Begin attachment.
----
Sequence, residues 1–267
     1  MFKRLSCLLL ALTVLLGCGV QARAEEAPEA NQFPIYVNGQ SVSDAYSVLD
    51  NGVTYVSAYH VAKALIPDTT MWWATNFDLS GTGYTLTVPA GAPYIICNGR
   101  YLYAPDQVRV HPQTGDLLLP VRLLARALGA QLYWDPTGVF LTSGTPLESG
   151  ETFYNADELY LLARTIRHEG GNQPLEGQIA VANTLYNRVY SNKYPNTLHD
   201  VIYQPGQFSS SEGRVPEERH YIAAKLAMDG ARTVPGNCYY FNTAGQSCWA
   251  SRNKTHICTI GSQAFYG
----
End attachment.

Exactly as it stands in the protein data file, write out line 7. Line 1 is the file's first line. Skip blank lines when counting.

   251  SRNKTHICTI GSQAFYG